A recent study by a U.K-based ‘risk analysis’ company shows that 21 cities in the Philippines are among the 100 most-at-risk-of-disasters cities in the world, the most for any nation on Earth. According to those who conducted the study, a major reason for the high risk is the country’s “high corruption” and “high levels of poverty”.
For some humanitarian workers in the Philippines, this is no longer news. But for the rest of us mortals, here are a few simple reasons why our country’s “high corruption” and “high levels of poverty” puts as at “high risk of disasters”:
1. Not all storms are disasters because the latter is man-made
This is something that a lot of Filipinos, especially the government and mass media, gets wrong. For humanitarians and professionals, typhoons, floods, volcanic eruptions, and earthquakes are not disasters. They are called ‘hazards’ or ‘hazard events’.
A hazard event only becomes a disaster when the effect of the former is greater than the ability of the affected person/s or community/communities to cope with it. For example, flooding is a very common experience in the informal settler communities living alongside the Tullahan River in Metro Manila. Even a light drizzle or the high tide can cause one. When that happens, people transfer their households items on the first floor of their homes to the second floor.
But during the ‘Habagat’ floods in 2012, the waters reached up to the roofs over their heads. Many of their belongings, including valuables, were destroyed. They could not go to work for days. Since many of them were poor, they did not have any savings to use. If it wasn’t for aid sent by humanitarian groups, many would have resorted to scavenging, looting, or would have starved to death.
So why is it the government’s fault?
2. Poverty makes people more vulnerable to disasters
As shown in the example above, the economic status of a person and community affects the impact of hazards on them. The rich can easily replace destroyed belongings and have extra resources to replace them. The poor, on the other hand, are not able to do the same.
A year after typhoon ‘Yolanda’ devastated many parts of the country, many of the rich and the middle class were able to rebuild their houses. But on the other hand, thousands of families were still living in relocation sites. It’s no surprise that not a single one of these families are classified as ‘rich’ or ‘middle class’.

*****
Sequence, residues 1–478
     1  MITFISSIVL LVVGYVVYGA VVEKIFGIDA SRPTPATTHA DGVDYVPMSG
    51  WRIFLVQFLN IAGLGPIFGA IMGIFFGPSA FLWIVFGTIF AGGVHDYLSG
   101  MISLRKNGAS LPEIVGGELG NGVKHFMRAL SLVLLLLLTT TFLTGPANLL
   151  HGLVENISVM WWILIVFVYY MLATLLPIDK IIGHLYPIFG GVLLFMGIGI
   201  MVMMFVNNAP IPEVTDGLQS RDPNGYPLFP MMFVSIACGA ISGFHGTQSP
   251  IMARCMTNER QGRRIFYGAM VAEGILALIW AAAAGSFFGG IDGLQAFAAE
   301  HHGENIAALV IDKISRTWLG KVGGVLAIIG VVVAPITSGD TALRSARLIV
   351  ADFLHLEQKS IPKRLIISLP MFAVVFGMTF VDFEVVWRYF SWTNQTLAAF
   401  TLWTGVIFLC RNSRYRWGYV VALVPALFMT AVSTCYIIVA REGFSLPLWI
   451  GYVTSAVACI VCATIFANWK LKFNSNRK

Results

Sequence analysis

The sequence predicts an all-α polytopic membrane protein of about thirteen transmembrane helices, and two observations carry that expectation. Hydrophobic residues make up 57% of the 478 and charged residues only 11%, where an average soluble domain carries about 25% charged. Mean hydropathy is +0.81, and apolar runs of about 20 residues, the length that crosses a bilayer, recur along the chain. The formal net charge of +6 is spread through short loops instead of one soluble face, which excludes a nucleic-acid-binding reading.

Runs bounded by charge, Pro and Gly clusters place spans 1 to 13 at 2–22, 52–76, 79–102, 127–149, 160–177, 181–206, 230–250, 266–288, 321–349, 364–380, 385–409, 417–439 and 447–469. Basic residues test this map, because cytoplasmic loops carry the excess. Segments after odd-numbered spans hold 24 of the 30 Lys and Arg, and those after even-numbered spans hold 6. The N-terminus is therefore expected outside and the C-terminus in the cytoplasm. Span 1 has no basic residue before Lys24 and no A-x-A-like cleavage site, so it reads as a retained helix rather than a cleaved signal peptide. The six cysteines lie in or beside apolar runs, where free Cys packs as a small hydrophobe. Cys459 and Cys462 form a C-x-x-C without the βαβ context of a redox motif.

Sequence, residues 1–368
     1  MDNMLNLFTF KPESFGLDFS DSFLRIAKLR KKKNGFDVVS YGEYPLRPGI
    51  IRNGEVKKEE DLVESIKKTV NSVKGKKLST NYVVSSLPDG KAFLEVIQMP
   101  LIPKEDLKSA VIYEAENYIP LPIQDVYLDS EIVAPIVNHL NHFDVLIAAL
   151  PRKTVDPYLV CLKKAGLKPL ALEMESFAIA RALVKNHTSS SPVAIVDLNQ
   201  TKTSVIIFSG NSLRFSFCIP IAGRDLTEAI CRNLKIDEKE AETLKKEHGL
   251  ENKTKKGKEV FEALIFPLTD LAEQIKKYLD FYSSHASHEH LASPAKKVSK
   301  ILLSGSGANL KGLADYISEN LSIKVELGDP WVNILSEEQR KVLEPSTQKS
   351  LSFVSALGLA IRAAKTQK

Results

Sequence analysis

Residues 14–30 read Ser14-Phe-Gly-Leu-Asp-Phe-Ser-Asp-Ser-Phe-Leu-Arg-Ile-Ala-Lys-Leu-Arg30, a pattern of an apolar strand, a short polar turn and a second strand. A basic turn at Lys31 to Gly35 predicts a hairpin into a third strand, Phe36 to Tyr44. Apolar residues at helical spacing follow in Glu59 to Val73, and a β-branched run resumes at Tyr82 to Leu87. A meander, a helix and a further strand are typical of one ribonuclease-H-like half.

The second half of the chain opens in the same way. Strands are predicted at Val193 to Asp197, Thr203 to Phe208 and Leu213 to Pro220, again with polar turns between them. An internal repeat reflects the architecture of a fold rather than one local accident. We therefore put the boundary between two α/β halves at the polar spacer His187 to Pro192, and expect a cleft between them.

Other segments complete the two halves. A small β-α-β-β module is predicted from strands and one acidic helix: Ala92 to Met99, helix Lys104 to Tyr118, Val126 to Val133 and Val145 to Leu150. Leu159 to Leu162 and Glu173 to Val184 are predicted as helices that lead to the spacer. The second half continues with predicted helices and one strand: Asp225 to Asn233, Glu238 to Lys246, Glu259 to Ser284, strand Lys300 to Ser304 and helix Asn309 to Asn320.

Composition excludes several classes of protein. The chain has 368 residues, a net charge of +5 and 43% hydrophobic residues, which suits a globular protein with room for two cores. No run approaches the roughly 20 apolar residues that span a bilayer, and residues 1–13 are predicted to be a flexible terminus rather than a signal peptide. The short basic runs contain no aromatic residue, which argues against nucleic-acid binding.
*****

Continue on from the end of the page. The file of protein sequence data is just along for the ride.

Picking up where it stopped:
With the government not doing its mandate to reduce poverty, many Filipinos remain at risk of disasters. Even when foreign governments and simple kind-hearted citizens pour in billions of pesos in assistance, as in the case of typhoon Yolanda, people will remain vulnerable to disasters as long as they are poor.
In fact, some of my colleagues living in Eastern Samar said that in their barangays, houses which were repaired by NGOs after Yolanda were destroyed during typhoon ‘Ruby’ last year. Since they remained poor, they could not rebuild their homes with stronger materials.
3. Corruption means less resources to make us resilient against disasters
Ideally, public funds can be used in a variety of ways to protect us from disasters. It can be used to reduce poverty, build infrastructure to shield us from typhoons (such as evacuation centers, sea walls, and flood pumping stations), and organize systems to handle hazards (orderly early evacuations, stocking of relief goods).
But even under the supposedly ‘clean’ administration of Noynoy Aquino, corruption persists. And to make way for corruption, money has been removed from important services, such as disaster risk reduction.
As I mentioned earlier, this is not something new. This something that some concerned groups and individuals have been trying to convince our government with for decades. These people hoped that Yolanda would finally shake up our authorities to take action. Now, even foreigners are paying attention. And if the government ignores even this, then it’s only a matter of time before the next Yolanda strikes us.